Wrath and judgment – did God command genocide in the Old Testament

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When the Lord your God brings you into the land that you are entering to take possession of it, and clears away many nations before you, the Hittites, the Girgashites, the Amorites, the Canaanites, the Perizzites, the Hivites, and the Jebusites, seven nations more numerous and mightier than you, and when the Lord your God gives them over to you, and you defeat them, then you must devote them to complete destruction. You shall make no covenant with them and show no mercy to them.
-Deuteronomy 7:1-2
In Deuteronomy 7, the Israelites are just outside the land and the Lord gives a challenging command. The Israelites are told to wipe out the nations who inhabit the land.
It’s not a popular idea. It’s a notion that many find reprehensible and immoral. For skeptics and people who believe in other religions, it’s fodder for them to undermine the teachings of the Bible.
God is using Israel as a divine judgment for cleansing the land against wicked nations who lived totally contrary to the will of God. It was divine mercy that God had allowed these nations to exist as long as they did. But their sin eventually reached a braking point.
The judgment was divine and righteous judgment.
In this judgment, everything needed to be destroyed. The people, but not just the people. Also their livestock, also their crops, also their gold and possessions.
It was all given to the Lord. The point wasn’t plunder for the Israelite’s gain because victory was from the Lord and everything was given to the Lord.
Part of the reason why they had to be wiped out was that it was trying to preserve the Israelites from idolatry.
It’s a very challenging idea. It’s a very unpopular idea.
For a student of the Bible, I’d like to include a few thoughts on this challenging passage.
God is just. 
The fact that God doesn’t wipe out anyone immediately due to their sin is evidence of God’s grace and mercy. No one deserves grace. We willingly sin and transgress against the holy and righteous God of the universe.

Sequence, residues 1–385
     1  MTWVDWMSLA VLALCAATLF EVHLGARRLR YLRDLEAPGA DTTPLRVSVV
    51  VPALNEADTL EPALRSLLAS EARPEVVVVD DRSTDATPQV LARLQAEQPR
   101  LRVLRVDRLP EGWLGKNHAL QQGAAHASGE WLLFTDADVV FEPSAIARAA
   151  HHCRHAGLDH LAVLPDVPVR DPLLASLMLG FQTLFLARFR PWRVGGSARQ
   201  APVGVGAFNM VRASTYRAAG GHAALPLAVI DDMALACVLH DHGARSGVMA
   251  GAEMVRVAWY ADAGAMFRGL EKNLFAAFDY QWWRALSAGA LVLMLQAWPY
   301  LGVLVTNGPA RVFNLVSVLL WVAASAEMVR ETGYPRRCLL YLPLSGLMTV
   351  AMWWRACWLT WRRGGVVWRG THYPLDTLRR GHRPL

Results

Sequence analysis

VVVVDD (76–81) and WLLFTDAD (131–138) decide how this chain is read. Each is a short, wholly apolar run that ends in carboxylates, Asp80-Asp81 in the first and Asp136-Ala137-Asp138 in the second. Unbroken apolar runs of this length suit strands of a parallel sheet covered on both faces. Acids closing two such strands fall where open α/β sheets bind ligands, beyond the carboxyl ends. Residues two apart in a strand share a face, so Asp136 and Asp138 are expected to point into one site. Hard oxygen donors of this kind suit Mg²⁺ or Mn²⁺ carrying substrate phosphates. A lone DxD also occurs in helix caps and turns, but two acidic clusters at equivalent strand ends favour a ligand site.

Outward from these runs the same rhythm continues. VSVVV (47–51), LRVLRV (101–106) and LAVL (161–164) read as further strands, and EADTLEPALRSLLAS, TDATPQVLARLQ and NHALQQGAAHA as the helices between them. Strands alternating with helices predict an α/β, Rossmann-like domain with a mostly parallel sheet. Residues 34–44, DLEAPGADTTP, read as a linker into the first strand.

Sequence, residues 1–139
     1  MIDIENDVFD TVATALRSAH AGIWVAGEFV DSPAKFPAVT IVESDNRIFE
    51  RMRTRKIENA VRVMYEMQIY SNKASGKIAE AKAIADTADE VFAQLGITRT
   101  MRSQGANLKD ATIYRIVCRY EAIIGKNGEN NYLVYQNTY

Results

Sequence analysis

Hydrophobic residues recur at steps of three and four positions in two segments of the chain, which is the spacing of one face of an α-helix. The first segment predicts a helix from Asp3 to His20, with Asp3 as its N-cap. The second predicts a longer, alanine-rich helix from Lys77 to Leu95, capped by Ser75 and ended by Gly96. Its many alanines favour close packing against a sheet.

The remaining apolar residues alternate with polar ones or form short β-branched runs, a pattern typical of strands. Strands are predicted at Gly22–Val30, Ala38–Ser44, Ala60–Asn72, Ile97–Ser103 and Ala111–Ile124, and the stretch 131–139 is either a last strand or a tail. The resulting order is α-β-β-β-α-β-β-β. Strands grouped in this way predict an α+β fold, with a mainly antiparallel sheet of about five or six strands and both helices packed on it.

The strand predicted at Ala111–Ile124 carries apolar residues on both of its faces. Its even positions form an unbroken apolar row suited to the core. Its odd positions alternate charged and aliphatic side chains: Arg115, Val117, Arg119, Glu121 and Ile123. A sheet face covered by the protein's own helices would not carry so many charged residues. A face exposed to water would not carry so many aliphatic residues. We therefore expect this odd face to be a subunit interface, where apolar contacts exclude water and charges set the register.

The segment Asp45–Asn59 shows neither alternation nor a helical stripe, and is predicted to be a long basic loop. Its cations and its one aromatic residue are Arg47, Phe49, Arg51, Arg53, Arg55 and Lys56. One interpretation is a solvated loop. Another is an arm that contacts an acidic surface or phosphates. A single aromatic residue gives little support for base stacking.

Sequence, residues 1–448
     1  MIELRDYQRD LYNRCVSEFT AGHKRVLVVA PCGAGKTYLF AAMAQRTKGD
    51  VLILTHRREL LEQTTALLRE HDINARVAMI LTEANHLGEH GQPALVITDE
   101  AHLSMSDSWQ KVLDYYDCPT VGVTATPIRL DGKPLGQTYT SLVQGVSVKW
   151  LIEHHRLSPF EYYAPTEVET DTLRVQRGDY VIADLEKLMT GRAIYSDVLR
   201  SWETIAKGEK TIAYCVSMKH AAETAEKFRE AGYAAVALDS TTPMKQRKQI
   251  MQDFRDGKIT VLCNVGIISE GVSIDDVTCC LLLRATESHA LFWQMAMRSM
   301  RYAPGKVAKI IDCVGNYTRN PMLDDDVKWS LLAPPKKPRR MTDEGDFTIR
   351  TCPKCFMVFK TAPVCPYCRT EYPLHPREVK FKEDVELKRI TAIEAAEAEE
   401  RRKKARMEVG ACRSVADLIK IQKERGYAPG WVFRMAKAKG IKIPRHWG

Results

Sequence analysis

This judgment wasn’t Moses’ idea, or later, Joshua’s idea. It was God’s judgment. It wasn’t the Israelite elders who decided they should do this. God decided.
And it was ultimately God who was enacting his judgment.
Judgment for a particular time and place
It was not meant to be a worldwide judgment. It was clearing out the land. Once the Israelites were in the land, there aren’t any indications that they were supposed to become raiders just attacking other groups or committing violence for its own sake.
This command was for the Israelites in the specific context of the Promised Land.
Israel never followed through at carrying out this judgment 
While it might seem unfair or unnecessarily harsh, The Israelites never actually fully enact the devoting of their enemies to destructing in the land.
And it is to their own peril and difficulty as they will historically be plagued by idolatry and turning away from the Lord.
Picture of future judgment 
For anyone who will not bend a knee to God, there will be a day of reckoning. This is a foretaste of the final judgment. There is an eternal consequence for rejecting the Lord, because without his saving grace, we are dead in sin.
Opposing the Lord comes with severe consequences.
God is just.
And no one dies who would have otherwise repented. No one goes to hell because they didn’t have enough time.
It’s not because God is mean. Not because he’s unfair.
But because he is holy and righteous. And God cares about his own holiness.
The good news is that God has made a way for people to avoid all of that. It’s a matter of trusting in the gospel. Believing in the Lord.
We can’t be good enough, we can’t earn it. Our only hope is Jesus. God with us. Who lived a sinless life so that all who believe in him could be forgiven.

Thanks for reading! I’d love to hear what you think, and don’t forget to subscribe! 

Josh Benner is the associate pastor at Cornerstone Evangelical Free Church in Fergus Falls, Minnesota and has a Master of Divinity from Trinity Evangelical Divinity School. He enjoys writing about faith and culture. His hobbies include working out, watching sports, and photography. Josh and his wife Kari live in Minnesota.

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Categories: Bible, Christian living, Commentary, Faith, Theology

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